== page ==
The greatness of Rome is such that when you arrive, it’s impossible not to feel a shiver down your spine when you first see the city’s limestone columns and white marble palaces rise into view. This city is the legacy of conquerors like Julius Caesar, Renaissance artists like Michelangelo, and a culture aged like a fine wine since the dawn of civilization.
Whether you’ve come to fawn over the monuments of the ancient world, watch the sunset in a crowded piazza, or dig into the best spaghetti alla carbonara you’ve ever eaten in your life, Rome will find one way or another to stop your heart. The Italian capital is dripping with romance, from its vine-covered footpaths to its decadent fountains and merry nightlife.
Here are 12 sites that you must see to ensure that you make the most out of your trip. We have photos from our PicsArtists to guide you along the way. Grab a glass of wine and follow us into the city where it all began.
1. The Colosseum
Photo by @firestrike
Built in 80 AD, the Roman Colosseum is one of the most iconic remnants of the ancient world. Up to 50,000 spectators could fit in this arena. After the fall of Rome, the Colosseum was used as a fortress during the Middle Ages before suffering from earthquakes, neglect, and people harvesting stones for other projects.
2. Spanish Steps
Photo by @francesca-carconi
This beautiful social gathering center was named after the Spanish Embassy, but the steps were designed by an Italian and the church on top was commissioned by France’s King Louis VII. Aside from the frescoes of the church and other historical treasures, the buzz surrounding the steps is a good reason to come. At sunset, it’s one of Rome’s most desirable perches.
3. Trevi Fountain
Photo by @spappi
As Rome’s largest and most famous fountain, the Trevi Fountain permanently ingrained itself into the collective memory when actress Anita Ekberg dove into it with her dress on in the film La Dolce Vita. The fountain depicts Neptune straddling a cascading mass of rocks and animals. At his feet are two horses, one wild and the other docile, representing the temperaments of the sea.
4. Piazza Venezia
Photo by @france9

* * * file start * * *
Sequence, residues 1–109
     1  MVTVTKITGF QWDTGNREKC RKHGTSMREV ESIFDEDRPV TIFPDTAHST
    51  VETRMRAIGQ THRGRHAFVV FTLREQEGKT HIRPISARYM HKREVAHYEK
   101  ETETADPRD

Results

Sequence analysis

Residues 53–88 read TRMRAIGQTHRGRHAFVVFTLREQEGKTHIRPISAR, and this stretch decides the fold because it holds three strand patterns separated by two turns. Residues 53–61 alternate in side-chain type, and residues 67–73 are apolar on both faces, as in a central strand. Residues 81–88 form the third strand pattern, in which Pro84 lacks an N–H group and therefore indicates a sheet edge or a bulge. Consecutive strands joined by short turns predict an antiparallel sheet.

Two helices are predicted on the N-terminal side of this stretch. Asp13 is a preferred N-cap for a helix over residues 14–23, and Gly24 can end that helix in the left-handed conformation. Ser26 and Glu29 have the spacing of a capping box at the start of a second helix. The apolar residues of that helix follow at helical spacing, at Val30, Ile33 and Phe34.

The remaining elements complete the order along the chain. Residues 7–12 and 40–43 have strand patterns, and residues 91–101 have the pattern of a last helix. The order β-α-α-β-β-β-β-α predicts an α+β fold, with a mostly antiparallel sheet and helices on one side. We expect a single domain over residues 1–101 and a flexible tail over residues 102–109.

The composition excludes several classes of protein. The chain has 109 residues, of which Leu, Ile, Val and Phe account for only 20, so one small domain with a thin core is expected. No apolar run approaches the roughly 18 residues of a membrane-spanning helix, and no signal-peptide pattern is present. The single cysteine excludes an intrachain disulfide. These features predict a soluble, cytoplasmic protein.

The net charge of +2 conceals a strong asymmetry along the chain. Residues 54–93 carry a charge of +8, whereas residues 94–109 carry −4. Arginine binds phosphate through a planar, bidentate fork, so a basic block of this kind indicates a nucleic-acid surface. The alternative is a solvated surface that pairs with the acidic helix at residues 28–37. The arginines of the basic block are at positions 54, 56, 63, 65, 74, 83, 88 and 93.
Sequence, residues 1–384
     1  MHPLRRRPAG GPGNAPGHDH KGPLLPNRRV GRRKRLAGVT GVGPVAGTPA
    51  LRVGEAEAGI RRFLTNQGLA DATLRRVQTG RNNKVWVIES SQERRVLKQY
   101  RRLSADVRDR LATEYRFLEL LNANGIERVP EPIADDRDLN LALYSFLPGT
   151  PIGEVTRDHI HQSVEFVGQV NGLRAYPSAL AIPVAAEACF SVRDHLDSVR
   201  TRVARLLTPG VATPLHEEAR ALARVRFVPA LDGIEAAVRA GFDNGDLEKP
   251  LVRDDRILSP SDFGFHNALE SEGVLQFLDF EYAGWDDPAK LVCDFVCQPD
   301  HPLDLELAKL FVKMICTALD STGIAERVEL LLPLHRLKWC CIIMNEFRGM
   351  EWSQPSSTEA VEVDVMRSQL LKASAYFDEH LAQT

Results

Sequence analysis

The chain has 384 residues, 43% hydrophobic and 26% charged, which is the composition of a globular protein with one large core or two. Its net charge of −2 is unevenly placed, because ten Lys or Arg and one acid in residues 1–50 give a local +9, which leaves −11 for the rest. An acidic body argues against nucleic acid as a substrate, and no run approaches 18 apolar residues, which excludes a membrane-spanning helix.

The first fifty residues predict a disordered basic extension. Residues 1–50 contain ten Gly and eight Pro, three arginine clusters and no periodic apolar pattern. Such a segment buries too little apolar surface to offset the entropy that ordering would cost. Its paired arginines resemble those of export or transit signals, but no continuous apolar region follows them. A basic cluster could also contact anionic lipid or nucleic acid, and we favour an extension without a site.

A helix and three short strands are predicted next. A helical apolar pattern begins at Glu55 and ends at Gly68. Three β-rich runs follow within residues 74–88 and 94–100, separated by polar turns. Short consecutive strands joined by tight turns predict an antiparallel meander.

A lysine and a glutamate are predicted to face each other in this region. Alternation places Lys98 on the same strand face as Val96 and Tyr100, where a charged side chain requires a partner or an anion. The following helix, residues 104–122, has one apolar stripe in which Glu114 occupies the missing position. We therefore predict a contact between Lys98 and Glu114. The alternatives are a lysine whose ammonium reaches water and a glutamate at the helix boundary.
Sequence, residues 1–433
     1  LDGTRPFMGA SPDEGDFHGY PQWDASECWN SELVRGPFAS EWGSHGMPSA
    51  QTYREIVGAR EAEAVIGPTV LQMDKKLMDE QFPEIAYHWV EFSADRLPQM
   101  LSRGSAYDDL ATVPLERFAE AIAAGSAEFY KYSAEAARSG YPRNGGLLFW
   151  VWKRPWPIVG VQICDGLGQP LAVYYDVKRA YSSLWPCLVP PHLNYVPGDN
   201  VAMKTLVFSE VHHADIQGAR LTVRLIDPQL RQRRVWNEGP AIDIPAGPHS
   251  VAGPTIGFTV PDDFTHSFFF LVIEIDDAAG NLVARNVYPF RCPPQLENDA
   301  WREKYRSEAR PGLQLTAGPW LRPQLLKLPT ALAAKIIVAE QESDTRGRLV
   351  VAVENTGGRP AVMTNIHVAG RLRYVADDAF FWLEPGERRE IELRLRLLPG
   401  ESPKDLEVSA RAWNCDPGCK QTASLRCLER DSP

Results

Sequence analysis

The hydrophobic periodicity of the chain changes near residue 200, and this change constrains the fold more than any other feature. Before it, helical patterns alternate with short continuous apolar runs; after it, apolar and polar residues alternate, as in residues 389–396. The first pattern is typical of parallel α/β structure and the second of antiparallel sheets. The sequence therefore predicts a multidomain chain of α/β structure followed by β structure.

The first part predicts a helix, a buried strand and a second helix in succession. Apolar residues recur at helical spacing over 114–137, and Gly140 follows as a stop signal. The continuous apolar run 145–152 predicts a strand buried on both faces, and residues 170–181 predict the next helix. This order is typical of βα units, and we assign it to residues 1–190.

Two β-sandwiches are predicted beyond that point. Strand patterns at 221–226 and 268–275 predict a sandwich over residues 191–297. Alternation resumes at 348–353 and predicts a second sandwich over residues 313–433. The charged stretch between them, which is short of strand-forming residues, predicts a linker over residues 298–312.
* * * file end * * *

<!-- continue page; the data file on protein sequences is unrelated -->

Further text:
Piazza Venezia is the central nucleus of the entire city from which Rome fans out in all directions. Towering over the Piazza is the imposing Altare della Patria, a massive monument to Victor Emmanuel, the first king to unify Italy. Palazzo Venezia sits on an adjacent side of the Piazza, a Renaissance palace built in the mid-15th century. Behind the Piazza is the Roman Forum.
5. Roman Forum
Photo by @ssbiene
The Roman Forum is the downtown area of ancient Rome, located behind Piazza Venezia. This is where the senators and emperors of Rome ruled for nearly a thousand years and includes the remnants of historical treasures such as the Temple of Vesta and the Roman Assembly. Structures here go back as far as the 8th century BC.
6. Castel Sant’Angelo
Photo by @firestrike
Built nearly 2,000 years ago as a mausoleum to Emperor Hadrian, Castel Sant’Angelo has since served as a papal fortress and now as a museum of paintings, sculptures, and medieval weaponry. The top of this iconic building has one of the most spectacular views in all of Rome.
7. Villa Borghese Gardens
Photo by @mauriziosgh
The Villa Borghese gardens sit atop an elevated green plain overlooking Rome. Their manicured paths are lined with statues, making for a restful escape from the hustle and bustle of downtown. The amphitheater hosts cultural events, and the famous villa itself, originally built as a party villa for Cardinal Scipione Borghese, is now an art gallery.
8. The Vatican
Photo by @firestrike
Technically the Vatican is its own country, but the dome of St. Peter’s Basilica remains an integral part of Rome’s skyline. The Vatican Museums are famous for their Renaissance architecture, as well as countless artistic hallmarks. Perhaps the most famous site is the Sistine Chapel, where you can stare up at Michelangelo’s Last Judgement.
9. Piazza Navona and Campo Dei Fiori
If you’re looking to party Roman-style, Piazza Navona and Campo Dei Fiori are your safest bets to raise a glass with locals and travelers alike. Separated by a mere five-minute walk, these areas come alive at night, with partygoers and music packing the pubs and their terraces.
11. The Pantheon
Photo by @lafux
When emperor Hadrian built the Pantheon Temple 2,000 years ago, he probably never would have guessed that the Temple would still be standing today in immaculate condition. Even more surprisingly, it remains the largest unreinforced concrete dome ever built.
Photo by @camillaalbanese
Trastevere, located across from the downtown area along the Tiber River, is the place to be if you come to Rome wanting to walk through flowery footpaths while taking your pick of charming restaurants and cafés. The neighborhood’s restaurants serve amazing food throughout the night and the pubs pour drinks until even later. Grab a cone of gelato, and find a good spot to take in Rome’s favorite neighborhood.